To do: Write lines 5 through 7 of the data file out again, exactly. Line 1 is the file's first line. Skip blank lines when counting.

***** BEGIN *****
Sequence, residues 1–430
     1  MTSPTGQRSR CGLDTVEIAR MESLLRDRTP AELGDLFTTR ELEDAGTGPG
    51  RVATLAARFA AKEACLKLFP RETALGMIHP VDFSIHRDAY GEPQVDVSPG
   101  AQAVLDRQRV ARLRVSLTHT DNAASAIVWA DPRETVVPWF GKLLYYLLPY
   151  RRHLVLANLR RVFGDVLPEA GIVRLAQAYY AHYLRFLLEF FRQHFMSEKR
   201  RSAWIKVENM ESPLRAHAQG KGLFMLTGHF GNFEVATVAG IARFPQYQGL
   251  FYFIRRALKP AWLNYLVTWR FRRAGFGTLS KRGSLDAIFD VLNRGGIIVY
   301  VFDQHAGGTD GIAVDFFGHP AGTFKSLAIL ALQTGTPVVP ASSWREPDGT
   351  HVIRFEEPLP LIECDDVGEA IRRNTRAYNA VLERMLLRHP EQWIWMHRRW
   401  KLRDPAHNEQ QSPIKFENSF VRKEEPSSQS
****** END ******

   151  RRHLVLANLR RVFGDVLPEA GIVRLAQAYY AHYLRFLLEF FRQHFMSEKR
   201  RSAWIKVENM ESPLRAHAQG KGLFMLTGHF GNFEVATVAG IARFPQYQGL
   251  FYFIRRALKP AWLNYLVTWR FRRAGFGTLS KRGSLDAIFD VLNRGGIIVY